cannot find symbol error when using "extends"

I'm learning java inheritence and access control, but I'm not understanding "extends" correctly.  I have two very basic classes in two separate files:
class Baseball6 {

private String city;
protected String state;
private int centerField;
protected int leftField;
public int rightField;

Baseball6(String in1, String in2, int in3, int in4, int in5){
city = in1;
state = in2;
centerField = in3;
leftField = in4;
rightField = in5;
and then:
class ParkPlayers {

private String name;
public String team;
protected int year;

public static void main(String[] arguments) {
Baseball6 wrigley = new Baseball6("Chicago", "Illinois", 390, 345, 395);

System.out.println("Wrigley Field is in " + wrigley.state);
System.out.println("Left field is " + wrigley.leftField + "feet.");

when I compile ParkPlayers as listed above, everything is fine.  But if I put:

class ParkPlayers extends Baseball6

I get the error: cannot find symbol
symbol  : constructor Baseball6()
location: class Baseball6
class ParkPlayers extends Baseball6{
1 error

So I guess I don't understand.  I've researched the issue and can't seem to find the simplistic answer I'm looking for.  Any explanation of what I'm doing wrong would be greatly appreciated.

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The message is:
symbol  : constructor Baseball6()
This appears because the compiler tries to find an empty constructor (i.e. a constructor without any arguments) in class Baseball6. The compiler does this because your class ParkPlayers has no explicit constructor defined, and so java uses an empty constructor by default.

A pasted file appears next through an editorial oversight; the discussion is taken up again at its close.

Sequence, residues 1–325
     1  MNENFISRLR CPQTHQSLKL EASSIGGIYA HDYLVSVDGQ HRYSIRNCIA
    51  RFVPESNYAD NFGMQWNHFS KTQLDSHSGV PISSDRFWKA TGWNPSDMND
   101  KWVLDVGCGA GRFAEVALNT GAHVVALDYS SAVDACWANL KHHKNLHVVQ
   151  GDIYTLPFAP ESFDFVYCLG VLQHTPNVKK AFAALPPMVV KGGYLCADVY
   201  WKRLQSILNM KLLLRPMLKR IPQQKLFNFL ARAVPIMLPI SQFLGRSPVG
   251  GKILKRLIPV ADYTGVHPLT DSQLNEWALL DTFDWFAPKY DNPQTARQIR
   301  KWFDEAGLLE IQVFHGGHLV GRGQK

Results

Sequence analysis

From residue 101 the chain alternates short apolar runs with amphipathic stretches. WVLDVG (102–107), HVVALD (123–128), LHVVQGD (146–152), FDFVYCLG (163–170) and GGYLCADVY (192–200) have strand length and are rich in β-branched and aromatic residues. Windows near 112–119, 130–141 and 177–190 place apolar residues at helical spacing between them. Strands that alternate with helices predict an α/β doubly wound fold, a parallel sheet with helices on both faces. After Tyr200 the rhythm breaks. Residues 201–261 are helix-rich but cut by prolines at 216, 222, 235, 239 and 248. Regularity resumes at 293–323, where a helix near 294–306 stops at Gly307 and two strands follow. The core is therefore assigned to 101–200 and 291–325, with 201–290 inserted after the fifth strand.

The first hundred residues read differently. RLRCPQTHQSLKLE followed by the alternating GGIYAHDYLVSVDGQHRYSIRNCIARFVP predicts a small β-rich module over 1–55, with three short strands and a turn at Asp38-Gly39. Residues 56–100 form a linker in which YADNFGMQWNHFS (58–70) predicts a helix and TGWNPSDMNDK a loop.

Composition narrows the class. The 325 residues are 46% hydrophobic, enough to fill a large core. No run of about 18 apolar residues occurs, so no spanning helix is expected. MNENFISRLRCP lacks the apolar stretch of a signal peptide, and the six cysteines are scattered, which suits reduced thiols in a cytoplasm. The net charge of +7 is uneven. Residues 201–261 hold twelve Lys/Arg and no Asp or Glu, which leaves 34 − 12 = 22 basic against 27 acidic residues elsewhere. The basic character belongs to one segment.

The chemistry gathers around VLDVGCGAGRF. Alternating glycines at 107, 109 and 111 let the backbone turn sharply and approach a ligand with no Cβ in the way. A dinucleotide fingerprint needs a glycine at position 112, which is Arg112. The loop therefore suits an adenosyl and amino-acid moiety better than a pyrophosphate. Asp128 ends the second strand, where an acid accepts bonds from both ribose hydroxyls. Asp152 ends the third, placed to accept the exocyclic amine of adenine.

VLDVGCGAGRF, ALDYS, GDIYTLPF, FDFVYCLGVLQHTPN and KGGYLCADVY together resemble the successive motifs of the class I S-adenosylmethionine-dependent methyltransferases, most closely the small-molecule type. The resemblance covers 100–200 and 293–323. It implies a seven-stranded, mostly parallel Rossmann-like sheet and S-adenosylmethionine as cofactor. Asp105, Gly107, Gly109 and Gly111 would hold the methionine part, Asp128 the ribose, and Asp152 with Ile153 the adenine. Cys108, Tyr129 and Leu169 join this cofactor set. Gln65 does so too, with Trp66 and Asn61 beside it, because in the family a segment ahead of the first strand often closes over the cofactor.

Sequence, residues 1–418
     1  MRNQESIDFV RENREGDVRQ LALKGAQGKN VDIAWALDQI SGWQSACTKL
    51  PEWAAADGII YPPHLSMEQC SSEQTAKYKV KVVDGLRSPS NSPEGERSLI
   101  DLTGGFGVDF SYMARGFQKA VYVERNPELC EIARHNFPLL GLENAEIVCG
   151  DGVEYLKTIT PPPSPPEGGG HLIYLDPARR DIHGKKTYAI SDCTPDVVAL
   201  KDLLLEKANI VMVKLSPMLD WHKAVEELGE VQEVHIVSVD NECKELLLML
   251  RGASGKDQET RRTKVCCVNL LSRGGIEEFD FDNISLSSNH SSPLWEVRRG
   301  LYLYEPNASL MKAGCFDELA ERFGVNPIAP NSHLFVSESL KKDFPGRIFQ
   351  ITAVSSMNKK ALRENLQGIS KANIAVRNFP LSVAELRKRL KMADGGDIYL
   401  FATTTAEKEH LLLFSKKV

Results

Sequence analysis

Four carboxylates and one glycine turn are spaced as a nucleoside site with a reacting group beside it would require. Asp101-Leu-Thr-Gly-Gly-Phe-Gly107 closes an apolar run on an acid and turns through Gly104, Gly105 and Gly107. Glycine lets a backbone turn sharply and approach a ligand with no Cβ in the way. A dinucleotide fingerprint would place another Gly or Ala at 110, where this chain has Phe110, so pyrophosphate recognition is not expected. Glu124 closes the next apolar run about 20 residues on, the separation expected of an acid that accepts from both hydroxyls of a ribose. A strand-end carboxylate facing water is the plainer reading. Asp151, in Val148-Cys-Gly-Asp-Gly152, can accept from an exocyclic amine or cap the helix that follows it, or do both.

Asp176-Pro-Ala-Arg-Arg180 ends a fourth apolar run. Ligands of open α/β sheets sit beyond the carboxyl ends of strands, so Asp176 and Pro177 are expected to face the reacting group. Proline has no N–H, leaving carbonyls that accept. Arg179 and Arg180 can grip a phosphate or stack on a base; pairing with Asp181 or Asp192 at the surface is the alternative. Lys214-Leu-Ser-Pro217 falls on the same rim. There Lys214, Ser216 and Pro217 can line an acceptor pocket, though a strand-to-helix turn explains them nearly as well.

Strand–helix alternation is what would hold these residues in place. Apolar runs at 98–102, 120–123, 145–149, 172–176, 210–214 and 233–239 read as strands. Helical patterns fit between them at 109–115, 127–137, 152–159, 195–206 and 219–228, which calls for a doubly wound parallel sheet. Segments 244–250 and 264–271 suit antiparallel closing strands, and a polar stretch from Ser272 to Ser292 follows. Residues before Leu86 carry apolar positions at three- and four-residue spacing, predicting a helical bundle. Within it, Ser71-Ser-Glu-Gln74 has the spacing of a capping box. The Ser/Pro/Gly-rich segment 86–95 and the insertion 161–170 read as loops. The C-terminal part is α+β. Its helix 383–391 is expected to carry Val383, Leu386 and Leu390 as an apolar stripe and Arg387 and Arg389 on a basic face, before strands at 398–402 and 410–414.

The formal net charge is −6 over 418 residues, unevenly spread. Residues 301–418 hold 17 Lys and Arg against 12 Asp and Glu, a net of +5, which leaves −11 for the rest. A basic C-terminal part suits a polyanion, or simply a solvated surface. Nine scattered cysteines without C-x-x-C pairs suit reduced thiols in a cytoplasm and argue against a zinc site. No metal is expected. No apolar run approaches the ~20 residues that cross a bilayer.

In order to create a new ParkPlayers object, java has to call this empty constructor, but since ParkPlayers extends Baseball6, when its constructor is called, it must call the super class constructor, namely Baseball6's empty constructor. However, Baseball6 has no empty constructor.
To fix this you must do one of two:
1. Define an empty constructor in Baseball6
2. Define a constructor in ParkPlayers which accepts the exact same arguments as the one in Baseball6: (String in1, String in2, int in3, int in4, int in5)

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17haat17Author Commented:
Thank you.  I followed suggestion 1, and that worked perfectly.  Funny, none of that information you provided was explained in the book I'm using....but it's obviously critical.  They just show classes extending classes extending classes.  Even their own examples don't compile.  Thanks again!
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